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After being forgiven and restored, Peter and the other disciples went to Galilee, where Jesus gave them (and us) the Great Commission:

Now the eleven disciples went to Galilee, to the mountain to which Jesus had directed them. And when they saw him they worshiped him, but some doubted. And Jesus came and said to them, “All authority in heaven and on earth has been given to me. Go therefore and make disciples of all nations, baptizing them in the name of the Father and of the Son and of the Holy Spirit, teaching them to observe all that I have commanded you. And behold I am with you always, to the end of the age.” (Matthew 28:16-20)

Jesus commanded the disciples to go to a mountain in Galilee, and they obeyed. Indeed, the proper response to Jesus’ forgiveness and restoration is obedience to Him. “Some doubted,” but they all worshipped Him nevertheless. As humans, our faith is imperfect. Even when we don’t “feel” God’s presence, we must still worship Him, for God is omnipresent (everywhere at once).

How are we to be obedient to Jesus? How are we to worship Him? We are to obey and worship Jesus by fulfilling the Great Commission.

The main thrust of the Great Commission—Jesus’ primary command—is to “make disciples.” More properly translated, this text reads: “Make disciples of all nations as you go, baptizing them … [and] teaching them …” The main verb is “make disciples.” As Christians, we are to obey and worship Jesus by making disciples of all nations. How are we to make disciples of all nations, though?

  1. Go. As we go, as we live our daily lives, we are to share the gospel with the unsaved people we come into contact with. We get so riled up and excited about sports and celebrities—so much more so should we be excited over our risen Lord and Savior Jesus Christ! The perfect Son of God who became sin for us (though He knew no sin) so that in Him we would become the righteousness of God (2 Corinthians 5:21)! Furthermore, as we go, we are also to speak the truth to fellow Christians in love (Ephesians 4:15-16). Furthermore, we should “reprove, rebuke, and exhort [each other], with complete patience and teaching” (2 Timothy 4:2). Indeed, true discipleship does not end with evangelism; true discipleship involves the training of people who are already Christian. (I hope to write a post exclusively on true discipleship in the future.)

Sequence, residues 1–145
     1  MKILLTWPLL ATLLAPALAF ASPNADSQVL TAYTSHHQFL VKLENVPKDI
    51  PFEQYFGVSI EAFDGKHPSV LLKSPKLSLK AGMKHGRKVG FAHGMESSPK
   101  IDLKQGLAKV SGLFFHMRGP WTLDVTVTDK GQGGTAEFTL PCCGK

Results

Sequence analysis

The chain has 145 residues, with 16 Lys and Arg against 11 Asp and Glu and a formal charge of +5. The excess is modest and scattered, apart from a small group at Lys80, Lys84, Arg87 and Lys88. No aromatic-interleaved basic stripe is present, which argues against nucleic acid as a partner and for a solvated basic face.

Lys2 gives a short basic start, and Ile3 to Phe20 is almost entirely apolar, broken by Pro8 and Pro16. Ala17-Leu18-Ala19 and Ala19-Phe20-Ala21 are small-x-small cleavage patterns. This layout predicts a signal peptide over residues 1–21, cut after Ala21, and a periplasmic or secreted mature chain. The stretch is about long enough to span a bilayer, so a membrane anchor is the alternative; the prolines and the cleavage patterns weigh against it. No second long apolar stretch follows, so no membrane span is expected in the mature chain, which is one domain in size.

2. Baptize. Once a person has been saved—once they have had faith in Jesus Christ and repented (now loving God and hating sin)—we are to baptize them. A biblical profession of faith is not walking an aisle or praying a prayer or even saying “I’m saved.” Water baptism (full immersion) is the Biblical profession of faith. In baptism, the new Christian is identified with Christ, and in baptism, the new Christian publicly professes his/her faith in Christ and joins a local body of believers.
  3. Teach. This is at the heart of true discipleship. We are not to leave new Christians on their own. Indeed, the current lack of discipleship in the church is why so many conversions are false (and prove themselves false by not sticking). The true Christian will grow in the faith, and God has ordained that older, more mature believers help young believers grow and mature. We older Christians must not let the thorns of this world choke out a false conversion; we must rather tend each conversion and disciple new converts to be sure that they are converted truly—we will know the tree by its fruit (Matthew 13:7-8, 7:15-20).

Our confidence, however, is not in ourselves. Without Christ, we can do nothing (John 15:5); with Him, however, we can do all things (Philippians 4:13). Indeed, Christ is with us “always, to the end of the age.” This is our motivation, our comfort, our joy: we do not disciple in our own strength. We disciple (evangelizing, baptizing, and teaching) others in the power of Christ’s Spirit which indwells us. But let us strive for ever more; let us have a “holy dissatisfaction” (John Piper) with our fleshly progress in the faith. Let us strive ever onward—let us ever seek to be filled with the Holy Spirit. Indeed, one of the best ways to know if you’re filled with the Holy Spirit is to be a Great Commission-consumed Christian (all for the glory of God).


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